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Headshot of me wearing red lipstick Kara Babcock

Reading goals for 2017

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Now that I’ve discussed my favourite books from last year, here’s what is in store for this year, hopefully.

I’m not a super organized reader. I know some people make lists of what they are going to read, keep calendars of upcoming releases they want to buy, etc. I am a messy, spontaneous reader. I pre-order books and then forget about them until they show up at my door. I keep saying, “I’ll get to it next!” of many a book, only for it to languish in a pile. People have given me books for my birthday or for Christmas from years ago and I still haven’t read them.

I say this so you get an idea of the kinds of goals I set. Think of these more as aspirations that will influence the books I choose to buy/borrow in 2017 and the priorities I give books I already own.

Let’s start there: I currently have about 70, give or take, unread books that I own sitting in my room. If I make the pace required to meet a goal of 156 again this year, that means I could wait well into June before I need to go to the library or buy another book.

We both know that isn’t going to work, however. I already have a $150 order on its way from Chapters in various bits and pieces (thank you, gift cards), and we aren’t even out of the first week of the year!

So my first goal for 2017 is to read more of the books I own, albeit not necessarily all of those book. I already make a conscious effort to FIFO the stacks (fiction in an overflowing milk crate, non-fiction to the side) so I get to the oldest first. And that’s really just something I want to continue, only more intensively. I’d love it if, by the end of the year, I have around 30 owned books, with most of them new as of this year. There are a few books I’m holding out on simply because I want a missing book in a series before I read it (I have all Foundation sequels, for instance, except Second Foundation, which I want to read next, so I’m waiting on that). We’ll see if I can find those missing books to help me out.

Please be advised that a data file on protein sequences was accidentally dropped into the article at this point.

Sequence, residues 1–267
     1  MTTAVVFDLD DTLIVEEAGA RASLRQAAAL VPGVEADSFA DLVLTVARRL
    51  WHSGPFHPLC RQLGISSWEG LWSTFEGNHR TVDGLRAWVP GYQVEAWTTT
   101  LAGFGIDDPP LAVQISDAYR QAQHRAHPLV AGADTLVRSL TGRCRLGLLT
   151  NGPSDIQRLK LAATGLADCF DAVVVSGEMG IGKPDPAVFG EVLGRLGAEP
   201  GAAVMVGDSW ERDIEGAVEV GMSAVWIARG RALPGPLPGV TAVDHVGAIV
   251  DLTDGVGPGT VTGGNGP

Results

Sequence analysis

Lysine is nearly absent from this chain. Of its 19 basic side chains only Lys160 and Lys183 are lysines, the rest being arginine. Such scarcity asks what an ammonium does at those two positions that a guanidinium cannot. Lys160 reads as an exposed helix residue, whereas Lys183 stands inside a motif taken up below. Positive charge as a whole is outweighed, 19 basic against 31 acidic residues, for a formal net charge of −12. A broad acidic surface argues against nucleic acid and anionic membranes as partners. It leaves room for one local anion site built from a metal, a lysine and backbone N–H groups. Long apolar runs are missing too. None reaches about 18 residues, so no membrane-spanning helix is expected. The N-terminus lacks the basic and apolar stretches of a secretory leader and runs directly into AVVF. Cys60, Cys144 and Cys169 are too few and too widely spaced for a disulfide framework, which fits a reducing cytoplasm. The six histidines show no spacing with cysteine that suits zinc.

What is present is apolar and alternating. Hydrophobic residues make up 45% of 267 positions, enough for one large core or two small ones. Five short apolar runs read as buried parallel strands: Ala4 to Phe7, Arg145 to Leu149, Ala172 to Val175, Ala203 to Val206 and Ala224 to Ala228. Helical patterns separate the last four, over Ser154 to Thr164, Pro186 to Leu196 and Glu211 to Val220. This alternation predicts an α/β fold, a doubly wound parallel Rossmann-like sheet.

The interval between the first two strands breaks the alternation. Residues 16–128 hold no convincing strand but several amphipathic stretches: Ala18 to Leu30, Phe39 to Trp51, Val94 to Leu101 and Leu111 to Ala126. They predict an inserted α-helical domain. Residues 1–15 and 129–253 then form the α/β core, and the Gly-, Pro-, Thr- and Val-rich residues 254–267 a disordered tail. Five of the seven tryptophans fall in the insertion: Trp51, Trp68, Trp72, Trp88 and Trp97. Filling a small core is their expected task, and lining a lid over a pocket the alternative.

Oh wait, there’s more … for the past few years I’ve purchased a subscription to Angry Robot Books, a British science fiction and fantasy publisher, which gives me an ebook version of every title they release in the year. I am embarrassingly behind at reading these. I don’t overly enjoy reading ebooks “on the go”, because it means I have to do it on my phone, and I’m a snob who doesn’t like to look like he’s “on his phone” when in actuality I’m reading a book. So most of my ebook reading happens at home. I’m going to have to think about how to change this—whether I keep an ebook on the go in parallel at all times (ugh) or read ebooks more out of the house (hmm) or have a binge week or something. But by the end of 2017 I would like to at least have read all my Angry Robot Books from 2015.

When it comes to selecting new books, there isn’t a lot I want to change. I already read very widely and diversely. There are a few focuses I’m planning, however.

I want to read more feminist young adult books—both fiction and non-fiction—that target boys. As I mentioned in my previous post when talking about Conviction, I feel like I’ve emphasized reading YA that predominantly targets girls. This is not a bad thing, nor am I suggesting that girls and boys necessarily want to read distinct types of books. However, I feel like if we are going to raise a generation of men who understand privilege, oppression, and the damaging effects of patriarchy, they will need stories that reflect their experiences, stories that say, “Hey boy, I know this is what you’re going through, these are the choices you’re facing, and here’s how you can deal with that in a feminist way. Here’s why feminism is good for everyone.” This is not an original idea, so I assume that there are plenty of books like this out there; I just need to go looking.

By the same token, I’m finding a good number of recommendations for this next goal already, now that I actually started looking. I want to read more books with asexual characters, preferably as protagonists. Claudie Arsenault has put together a growing database of books with ace characters While I have occasionally mentioned, when it comes up, the fact I don’t experience sexual attraction and, quite honestly, don’t get what all the fuss is about, I’ve been reluctant to be very shouty online about being asexual. This is something I might or might not talk about in another post (see: reluctant shoutiness). Similarly, I didn’t feel a great yearning to see that part of my identity represented in my reading, despite my support for the position that representation in media matters. But that’s changing, and in 2017, I want to explore this more deeply. I don’t know where this is going to go.

So those are my reading goals for 2017. I have non-reading goals, but hey, that is another blog post….